Province announces approval for 160-bed long-term care home in The Blue Mountains

As part of a $6.4 billion investment in Ontario long term care facilities, the provincial government has approved a new 160-bed long term care home in The Town of The Blue Mountains.

The home will be located on a 32-acre site at 125 Peel Street in Thornbury, which the town purchased in 2021.

It will be one component of the town’s plans for a campus of care facility, which will also include attainable housing for staff, commercial space, multi-residential space, and senior’s housing.

“That’s 160 brand new beds for residents to call home near their family and friends in a community that they have helped build over the years, and this home has been made possible by an innovative partnership with The Town of The Blue Mountains,” said Minister of Long-Term Care Paul Calandra at a press conference Jan 28.

The question of who will be building the project still remains.

TBM will be issuing a request for proposal from firms interested in developing and operating parts of the campus of care, including the long-term care home, with the goal of awarding a contract by the end of 2022.

In June 2021, Southbridge Health Care, the owners and operators of Errinrung long-term care and retirement residence in Thornbury, pitched TBM council on a 160-bed facility suggesting the 16-acre property in Thornbury between Arthur and Alice Streets West would be a good home for the proposed six-story care facility. Southbridge said, at that time, it was committed to opening the facility by December 2023.

“We are incredibly pleased to be working with your ministry on this project,” said TBM Mayor Alar Soever. “We’re looking [to] start construction no later than 2024, maybe even 2023, but let’s see how fast we can get it done, and then occupancy by 2026,”

The new facility in TBM is part of the province’s plan to build 388 new and 316 upgraded long-term care beds across Gray County, on top of 30,000 new or upgraded beds planned to be built across the province by 2028.

“Seven-hundred-and-four new and upgraded long-term-care beds are in development or under construction in Gray County,” Calandra said. “It is an unprecedented investment that will see over 30,000 new long term care beds and 28,000 upgraded beds across the province of Ontario, and what is so exciting about these investments is that it is the largest rebuild and build out on long term care in Canadian History.”

Other Gray County communities receiving long term care upgrades are as follows:

Calandra also announced that the province will be recruiting thousands of new health care professionals to provide improved long term care for residents.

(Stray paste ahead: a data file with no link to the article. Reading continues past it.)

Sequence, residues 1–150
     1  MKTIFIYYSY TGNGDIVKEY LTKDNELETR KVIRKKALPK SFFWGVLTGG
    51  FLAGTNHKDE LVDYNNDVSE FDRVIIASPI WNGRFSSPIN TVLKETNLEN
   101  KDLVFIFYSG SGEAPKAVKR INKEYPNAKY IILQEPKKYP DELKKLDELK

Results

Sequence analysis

“It’s not just about the beds, it’s about the quality of care, and that is why we are investing … dramatically in ensuring top-notch quality of care with a groundbreaking four hours of care per resident per day,” he said.

“We are hiring over 27,000 new PSWs, we’re adding [over 2,000] nurses, we are … doubling the amount of inspectors so that we can work with our homes, and that we can guarantee the top-notch quality of care that our seniors deserve.”

In rural areas like TBM, where recruiting and retaining healthcare professionals can be an issue, Calandra said that attainable housing will be a key component in providing residents with four hours of care per day.

“Our plan is to get to the four hours of care over the next four years,” he said. “We’re doing it incrementally so that we can bring the staff along with us … we should be at the four hours of care tomorrow, but we can’t do that.”

“We also have to build the housing in the area that will help support the people who are going to come and live in the communities where they will be working, so that’s why it’s a bit of a phased approach to make sure that we can get there by working with the community, and bringing in PSWs, and the infrastructure.”

Mayor Soever said that the town will be requesting developers to include attainable housing units in their proposals for the long term care facility.

“To provide that four hours of care, I’m told by long term care providers that the ratio of staff to residents is about one-to-one,” he said. “Obviously, the price of housing in The Blue Mountains is a huge issue, and the staffing is a big issue.”

“We need not only the long-term care building, but we also need 100 to 160 people, so when we go out for [requests for proposal] these will be components, … and we also need some attainable senior’s housing because we would like our seniors, as they get older, to be able to settle down here rather than be forced to move.”

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